by Katerina Apokatanidis cover picture: Temple of Dionysos, Yria, Naxos, Wikipedia As any survivor of an ancient 'civilization' knows, colonialist views on the meaning and interpretation of that 'civilization' are still very much alive. European and settler colonies-based scholars (termed Western throughout this post) in the Humanities have often ignored the continuity of a cultural … Continue reading When Greece is not Ancient: Colonialism, Eurocentrism and Classics
Join us on zoom on April 6th 2021 for a special panel on queer feminist organizing in Ghana and beyond. This event was put together by Dr Wunpini Mohammed and Dr Girish Daswani and will feature Nana Yaa Agyepong, Fatima B. Derby, El-Farouk Khaki, and Zeeyyah Mudasir. It is co-sponsored by Silent Majority Ghana, Africa Proactive, and Everyday Orientalism.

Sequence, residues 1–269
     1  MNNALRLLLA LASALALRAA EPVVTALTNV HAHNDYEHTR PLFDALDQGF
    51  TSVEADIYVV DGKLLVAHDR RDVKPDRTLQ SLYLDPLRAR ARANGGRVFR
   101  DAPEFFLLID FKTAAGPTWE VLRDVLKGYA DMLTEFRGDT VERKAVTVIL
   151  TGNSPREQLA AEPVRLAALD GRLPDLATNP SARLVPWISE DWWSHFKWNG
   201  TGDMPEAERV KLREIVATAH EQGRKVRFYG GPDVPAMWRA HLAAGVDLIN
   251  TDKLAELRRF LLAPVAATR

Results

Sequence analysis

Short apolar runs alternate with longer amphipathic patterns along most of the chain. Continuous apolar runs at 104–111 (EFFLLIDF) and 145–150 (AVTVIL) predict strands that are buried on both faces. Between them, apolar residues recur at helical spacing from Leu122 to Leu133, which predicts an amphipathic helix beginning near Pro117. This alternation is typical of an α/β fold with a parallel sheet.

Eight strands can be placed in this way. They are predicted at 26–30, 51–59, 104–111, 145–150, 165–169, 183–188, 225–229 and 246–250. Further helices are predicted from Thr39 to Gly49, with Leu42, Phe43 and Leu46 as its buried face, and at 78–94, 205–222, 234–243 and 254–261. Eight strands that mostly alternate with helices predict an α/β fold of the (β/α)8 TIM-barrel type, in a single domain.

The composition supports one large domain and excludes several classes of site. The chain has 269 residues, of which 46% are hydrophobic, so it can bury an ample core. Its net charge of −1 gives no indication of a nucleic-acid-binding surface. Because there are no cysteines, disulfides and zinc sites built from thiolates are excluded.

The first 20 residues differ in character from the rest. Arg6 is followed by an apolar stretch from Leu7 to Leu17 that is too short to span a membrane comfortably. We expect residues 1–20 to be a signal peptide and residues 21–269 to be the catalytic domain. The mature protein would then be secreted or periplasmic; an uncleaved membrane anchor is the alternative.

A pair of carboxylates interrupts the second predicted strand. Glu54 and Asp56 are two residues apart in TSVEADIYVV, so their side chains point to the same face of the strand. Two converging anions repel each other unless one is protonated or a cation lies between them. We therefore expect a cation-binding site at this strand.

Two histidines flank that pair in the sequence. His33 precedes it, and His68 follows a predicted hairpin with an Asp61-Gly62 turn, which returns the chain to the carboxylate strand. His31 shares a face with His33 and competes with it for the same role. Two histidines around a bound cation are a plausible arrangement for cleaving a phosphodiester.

Image credit: Bright Ackwerh Join us on zoom on March 12th, (10-11:30am EST / 3-4.30pm GMT) for a special #EOTalks Film panel! This event will feature David Amponsah, Tracy Mensah, Shobana Shankar, and Meera Venkatachalam, who will talk about the reality of interracial relationships between Africans and Indians. The panel is co-organised with Africa Proactive and will be … Continue reading Black, Brown, and in Love: Interracial Relationships Between Africa and India
by Girish Daswani this is a cross-post with Africa Proactive Two bodies jogging along a beach in Lagos collide. One is Nigerian, the other is Indian. They stare into one another’s eyes for longer than is comfortable, and then bump into each other several times as they fumble to continue their run. But they cannot … Continue reading This is not Namaste Wahala: On Silences, (His)Stories and Ghana’s Oldest South Asian Family
by Girish Daswani This essay is an updated and expanded version of #EOTalks 2 = The Portraits on the Wall: On the Whiteness of Academia given in the summer of 2020. I want to share three stories about the Whiteness of academia with you. These stories are personal. They are set in the three institutions … Continue reading On the Whiteness of Academia